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Filtering by Tag: fork

The Right Tools for the Job

Suzanne Pollak

Angles matter. Whether cutting garlic cloves to release the most flavor, testing the doneness of steamed cauliflower, or simply choosing a spatula -- it’s all about esthetics & practicality.

Tony Hendra, Charleston Academy's Dean of Wit, likes to thinly slice his garlic because "the large combined surface area of the garlic means it releases its flavor faster and more fully when it hits the oil. Also crispy sautéed garlic slices are one of the great toppings for pasta, fish, and veggies (e.g. haricots verts.) In fact they're up there with 'amandine' or crispy sautéed almond slices. Sometimes I mix them to make my own special amandine.

I rarely mince unless I'm in high heels.  I only chop wood and suey."

We often use the term "Goodfellas thin" in reference to the famous scene in which lead character Henry Hill (Ray Liotta) describes how mob boss Paulie Cicero (Paul Sorvino) prepared dinner while they were doing time: “In prison, dinner was always a big thing. We had a pasta course, then we had a meat or a fish. Paulie was doing a year for contempt and had a wonderful system for garlic. He used a razor and sliced it so thin it would liquify in the pan with a little oil. It’s a very good system.”

When testing the readiness of steamed vegetables, people often use the tip of a knife. The Dean has learned that sometimes a knife tip is wrong for the gig. Using the tines of a fork with cauliflower is better. Three or four prongs provide greater surface area for poking and give a more accurate decision of doneness. 

Finally, the almighty spatula. The angle of the spatula makes the utensil more, or less, useful. In the photo, the top spatula, by Oneida, will enable the cook to slide food from the pan without having to tilt a screaming hot object.

In the kitchen, you're only as good as your tools. And remember, it's never the oven's fault...

Shut the Fork Up! It Goes Where?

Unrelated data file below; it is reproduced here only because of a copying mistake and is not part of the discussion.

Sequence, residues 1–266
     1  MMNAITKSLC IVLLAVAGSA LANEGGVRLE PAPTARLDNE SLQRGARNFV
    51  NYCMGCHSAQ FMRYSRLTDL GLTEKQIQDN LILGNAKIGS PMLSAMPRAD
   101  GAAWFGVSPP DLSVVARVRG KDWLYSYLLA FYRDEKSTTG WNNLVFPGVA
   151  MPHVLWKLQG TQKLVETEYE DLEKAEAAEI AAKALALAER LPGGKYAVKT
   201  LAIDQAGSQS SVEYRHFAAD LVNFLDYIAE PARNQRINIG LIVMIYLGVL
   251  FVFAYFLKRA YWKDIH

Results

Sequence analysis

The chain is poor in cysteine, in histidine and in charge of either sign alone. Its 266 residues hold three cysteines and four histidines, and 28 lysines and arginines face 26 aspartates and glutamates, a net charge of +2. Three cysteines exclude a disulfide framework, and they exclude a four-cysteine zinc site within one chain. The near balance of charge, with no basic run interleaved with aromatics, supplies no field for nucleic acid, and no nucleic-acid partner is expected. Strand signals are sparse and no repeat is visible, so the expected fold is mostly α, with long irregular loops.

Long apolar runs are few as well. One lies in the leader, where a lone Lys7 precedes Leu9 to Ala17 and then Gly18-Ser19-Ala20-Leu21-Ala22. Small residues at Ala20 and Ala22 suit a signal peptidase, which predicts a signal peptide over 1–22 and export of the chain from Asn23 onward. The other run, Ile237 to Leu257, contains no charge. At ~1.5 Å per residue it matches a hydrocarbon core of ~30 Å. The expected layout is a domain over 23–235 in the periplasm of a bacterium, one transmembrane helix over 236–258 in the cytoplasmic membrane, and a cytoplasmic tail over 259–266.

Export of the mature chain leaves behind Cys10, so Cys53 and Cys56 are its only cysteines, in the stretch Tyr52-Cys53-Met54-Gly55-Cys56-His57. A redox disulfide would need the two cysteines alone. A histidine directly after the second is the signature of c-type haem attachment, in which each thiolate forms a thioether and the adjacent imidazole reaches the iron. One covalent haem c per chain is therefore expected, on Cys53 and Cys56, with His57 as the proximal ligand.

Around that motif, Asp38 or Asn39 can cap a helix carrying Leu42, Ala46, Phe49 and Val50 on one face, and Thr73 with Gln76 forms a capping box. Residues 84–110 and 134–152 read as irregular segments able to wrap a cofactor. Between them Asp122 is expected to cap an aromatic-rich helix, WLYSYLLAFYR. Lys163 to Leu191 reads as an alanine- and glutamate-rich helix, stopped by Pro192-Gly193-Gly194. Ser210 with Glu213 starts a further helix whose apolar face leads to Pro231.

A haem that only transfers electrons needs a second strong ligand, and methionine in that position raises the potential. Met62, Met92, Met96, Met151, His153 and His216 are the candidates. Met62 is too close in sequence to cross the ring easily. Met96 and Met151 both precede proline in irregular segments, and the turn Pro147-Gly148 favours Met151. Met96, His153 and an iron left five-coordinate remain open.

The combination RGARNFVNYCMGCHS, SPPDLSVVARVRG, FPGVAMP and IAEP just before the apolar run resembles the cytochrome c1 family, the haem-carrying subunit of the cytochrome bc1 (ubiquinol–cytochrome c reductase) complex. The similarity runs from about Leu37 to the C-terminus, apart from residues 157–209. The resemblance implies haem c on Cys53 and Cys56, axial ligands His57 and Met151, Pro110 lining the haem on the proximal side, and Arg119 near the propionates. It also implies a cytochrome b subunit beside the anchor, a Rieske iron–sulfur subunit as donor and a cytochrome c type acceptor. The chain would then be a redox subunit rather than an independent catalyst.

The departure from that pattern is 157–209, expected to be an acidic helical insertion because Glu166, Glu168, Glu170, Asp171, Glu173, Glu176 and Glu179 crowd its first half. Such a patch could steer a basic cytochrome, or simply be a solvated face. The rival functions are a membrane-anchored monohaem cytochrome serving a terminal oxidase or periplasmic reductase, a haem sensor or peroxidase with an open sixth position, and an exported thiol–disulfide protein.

Suzanne Pollak

Photographed by Landon Neil Phillips for Local Palate, Spring 2016.

Photographed by Landon Neil Phillips for Local Palate, Spring 2016.

How important is it to set the fork on the left side of the plate? A very reasonable question recently asked to the Dean, and naturally the Dean has answers, two actually, both completely correct. 

If you are a young professional moving up in the world, planning on making your mark, the answer to the question is that placement of the fork is of upmost importance. Let's say you did not learn how to set a table and it escaped your notice where a fork goes. Sadly you may be marked as a person who has no clue about table manners, and perhaps even as one who is confused in other life skills, business matters, political savvy, social situations -- however incorrect these assumptions may be. Therefore, you must master the seemingly insignificant fork placement to be the person you want to portray. 

Now, if you are an older person, say as old as the Dean, it makes little difference where you place your fork. Because you know the rules, and have abided by them forever, you now have the choice to go off pist and do exactly what you want. Say you are running late for your own dinner party and arrive minutes before guests knock on the door. It is perfectly okay for you to put the pot on to boil, place a pile of silverware on the table and pour cocktails without missing a beat. You are not even required to set the table, instead ask your guests to sit down and help themselves to their own fork. Not only will your dinner be delightfully relaxed, you will be known as chic, sui generis, and possessing your own style. 

Manners and etiquette must be learned and adhered to to make our society work, including where that damn fork is placed, but once you learn the rules you are allowed to break them when you have already made your mark on the world. Got it?